Best of The WEB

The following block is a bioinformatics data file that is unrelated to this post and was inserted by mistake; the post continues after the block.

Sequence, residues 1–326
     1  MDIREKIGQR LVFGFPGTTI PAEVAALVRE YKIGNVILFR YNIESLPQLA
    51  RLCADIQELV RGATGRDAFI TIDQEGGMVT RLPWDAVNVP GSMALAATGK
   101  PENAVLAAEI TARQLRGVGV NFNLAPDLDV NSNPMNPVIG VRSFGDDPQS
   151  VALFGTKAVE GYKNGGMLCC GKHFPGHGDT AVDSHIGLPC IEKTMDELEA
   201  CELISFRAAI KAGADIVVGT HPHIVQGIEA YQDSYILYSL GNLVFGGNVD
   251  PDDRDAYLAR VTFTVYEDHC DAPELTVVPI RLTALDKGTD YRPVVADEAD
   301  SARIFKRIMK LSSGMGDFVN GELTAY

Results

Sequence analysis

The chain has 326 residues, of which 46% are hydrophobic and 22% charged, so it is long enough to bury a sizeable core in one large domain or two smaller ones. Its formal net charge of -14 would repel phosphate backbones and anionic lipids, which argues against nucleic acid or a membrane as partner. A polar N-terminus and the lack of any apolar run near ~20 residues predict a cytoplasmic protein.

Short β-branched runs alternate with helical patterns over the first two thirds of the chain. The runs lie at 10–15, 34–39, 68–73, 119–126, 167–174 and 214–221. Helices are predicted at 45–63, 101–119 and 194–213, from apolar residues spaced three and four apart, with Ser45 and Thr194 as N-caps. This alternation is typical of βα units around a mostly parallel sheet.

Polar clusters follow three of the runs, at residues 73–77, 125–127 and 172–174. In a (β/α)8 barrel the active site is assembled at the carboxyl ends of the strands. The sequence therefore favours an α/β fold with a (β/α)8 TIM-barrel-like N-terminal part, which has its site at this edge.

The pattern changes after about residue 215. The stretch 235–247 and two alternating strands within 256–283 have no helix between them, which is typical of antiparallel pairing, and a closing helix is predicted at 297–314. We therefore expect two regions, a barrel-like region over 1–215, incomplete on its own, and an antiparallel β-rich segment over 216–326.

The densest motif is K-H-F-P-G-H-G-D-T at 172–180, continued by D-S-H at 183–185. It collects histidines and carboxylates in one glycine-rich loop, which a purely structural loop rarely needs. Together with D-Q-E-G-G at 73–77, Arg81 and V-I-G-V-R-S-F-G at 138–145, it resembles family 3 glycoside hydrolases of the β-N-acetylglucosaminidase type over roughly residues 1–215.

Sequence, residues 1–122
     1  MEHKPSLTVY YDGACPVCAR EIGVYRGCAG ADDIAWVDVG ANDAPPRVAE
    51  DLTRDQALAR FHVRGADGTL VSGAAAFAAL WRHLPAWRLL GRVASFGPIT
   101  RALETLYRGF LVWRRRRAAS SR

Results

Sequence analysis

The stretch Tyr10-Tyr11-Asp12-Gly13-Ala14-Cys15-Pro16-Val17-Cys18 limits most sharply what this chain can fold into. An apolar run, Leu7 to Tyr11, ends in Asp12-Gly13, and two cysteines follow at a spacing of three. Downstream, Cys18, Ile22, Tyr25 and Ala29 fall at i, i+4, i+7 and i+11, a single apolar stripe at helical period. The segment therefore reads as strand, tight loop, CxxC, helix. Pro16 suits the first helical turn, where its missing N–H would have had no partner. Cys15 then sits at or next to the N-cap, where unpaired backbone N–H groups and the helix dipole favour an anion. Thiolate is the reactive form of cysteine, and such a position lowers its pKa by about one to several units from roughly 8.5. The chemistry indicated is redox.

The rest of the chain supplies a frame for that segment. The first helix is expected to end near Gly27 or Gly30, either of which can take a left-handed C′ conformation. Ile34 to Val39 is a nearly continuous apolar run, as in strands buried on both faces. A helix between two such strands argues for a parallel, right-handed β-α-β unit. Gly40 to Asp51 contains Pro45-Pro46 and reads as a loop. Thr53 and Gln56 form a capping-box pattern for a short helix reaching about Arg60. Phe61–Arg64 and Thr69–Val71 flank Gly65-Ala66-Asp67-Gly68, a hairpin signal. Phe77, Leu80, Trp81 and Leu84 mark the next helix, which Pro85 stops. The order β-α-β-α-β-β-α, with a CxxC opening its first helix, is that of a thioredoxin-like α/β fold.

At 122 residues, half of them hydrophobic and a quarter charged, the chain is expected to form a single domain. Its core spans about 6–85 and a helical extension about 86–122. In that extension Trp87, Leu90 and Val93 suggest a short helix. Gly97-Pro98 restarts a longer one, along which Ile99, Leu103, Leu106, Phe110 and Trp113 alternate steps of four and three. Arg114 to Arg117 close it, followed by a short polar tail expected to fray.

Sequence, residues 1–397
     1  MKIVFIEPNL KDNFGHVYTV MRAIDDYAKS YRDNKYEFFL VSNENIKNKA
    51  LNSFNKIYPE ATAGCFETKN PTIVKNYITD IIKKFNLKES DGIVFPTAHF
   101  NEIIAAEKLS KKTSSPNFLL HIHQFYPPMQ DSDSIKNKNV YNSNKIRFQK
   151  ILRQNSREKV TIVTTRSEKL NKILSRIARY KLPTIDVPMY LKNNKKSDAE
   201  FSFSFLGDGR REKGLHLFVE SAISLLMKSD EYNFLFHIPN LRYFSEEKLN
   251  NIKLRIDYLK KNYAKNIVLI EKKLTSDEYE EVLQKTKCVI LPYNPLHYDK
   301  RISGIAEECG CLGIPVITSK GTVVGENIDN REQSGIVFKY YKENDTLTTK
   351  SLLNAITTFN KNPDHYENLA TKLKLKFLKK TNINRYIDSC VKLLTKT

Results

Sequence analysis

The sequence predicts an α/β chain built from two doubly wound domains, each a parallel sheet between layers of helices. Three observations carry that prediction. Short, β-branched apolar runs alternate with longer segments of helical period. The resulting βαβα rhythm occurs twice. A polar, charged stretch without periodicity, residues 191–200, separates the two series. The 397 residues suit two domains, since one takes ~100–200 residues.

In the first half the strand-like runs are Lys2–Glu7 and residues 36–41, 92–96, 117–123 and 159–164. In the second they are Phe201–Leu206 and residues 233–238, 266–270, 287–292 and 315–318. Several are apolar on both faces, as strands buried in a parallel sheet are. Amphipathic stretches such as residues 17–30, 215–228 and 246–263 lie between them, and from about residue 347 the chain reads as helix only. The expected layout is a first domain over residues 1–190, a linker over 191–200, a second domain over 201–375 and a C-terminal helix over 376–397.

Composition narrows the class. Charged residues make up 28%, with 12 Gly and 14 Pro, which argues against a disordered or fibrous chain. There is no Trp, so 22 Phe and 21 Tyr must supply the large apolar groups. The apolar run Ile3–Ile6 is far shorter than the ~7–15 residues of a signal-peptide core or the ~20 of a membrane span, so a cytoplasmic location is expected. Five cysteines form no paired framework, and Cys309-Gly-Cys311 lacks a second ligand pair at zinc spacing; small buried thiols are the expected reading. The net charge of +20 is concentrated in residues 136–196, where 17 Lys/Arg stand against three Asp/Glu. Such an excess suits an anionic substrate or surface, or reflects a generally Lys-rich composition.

Students of Ames High, you now gaze upon the last issue of The WEB to grace tables near the classroom door this year. And what a year it has been! Let us take a look back, and read some of the stunning praise the WEB has received and printed. Though some of it may seem out of context, we can assure you that these people were talking about The WEB alone. Are we, the pale, rickets-ridden athletes of the mind, less deserving of recognition than our fully-grown peers? Do we not devote as much time and exertion to our passions? When you cut us, will we not bleed? “My sense of feel could be visualized as flourishes of primary colors out of the darkness, coupled with an uncontrolled tingling,” an anonymous Ames High student said. My attention was first drawn by the rippling sounds, then the dynamic piano chords, and later the frustration pronounced by the guitar. However, not until I reached “Reckoner” did I completely fall in love with [The WEB]. “I am more approachable with a [WEB]. It helps with the ladies,” Buric said. His desired super power? “My beard would transform into any style, at any moment, so I could disguise myself and do evil.” Fans started to worry when [The WEB] lost their first two games against Southeast Polk before bouncing back and winning the last three. However, instead of failing under the pressure, the varsity players took this situation and turned it into a form of motivation. “We had models dance in the back instead of pose. It made everyone more energized and they got into the whole thing a lot more,” Nieves-Doyle said. The WEB climbed countless ramparts, forded muddy rivers, and clung to ropes for their lives. Completion of this strenuous course in itself is one of life’s major accomplishments. “It is more physical in comparison to other forms of martial arts,” Johnson said. “Judo, for example, is where competitors just try to throw each other around. [The WEB] takes more focus, skill, and discipline.” Every detail that is included in [The WEB] was carefully drawn out and it definitely shows in the end product. The [WEB] is constantly throwing something different into the face of the audience and still maintains the level of clarity that has become the norm for Coen Brothers’ movies. “The best part was watching the kids,” said Schmidt. “Their talent was amazing. Watching everyone work so hard was inspiring. I would get a little choked up over it . . . of course, things never seemed like they were working, but it all came together in the end. It was so gratifying – I’m going to miss that.” While these albums were extremely effective at conveying their own particular mood and message, their cohesiveness could be limiting at times. [The WEB] is different: it is scatterbrained, anxious, tranquil, and, above all, brilliant. “When I first saw the book at Border’s,” Parrish said, “I picked it up and read a couple pages – and just then I knew we had to do it. I just loved the concentration, the intelligence, the language itself. The eloquence of Drummond’s speeches, the crossfire between him and Brady – it really spoke to me.” Fait accompli. Bear in mind that I have no exceptional knowledge of these pieces’ contexts or writers, or of [The WEB] or [newspapers] as a whole.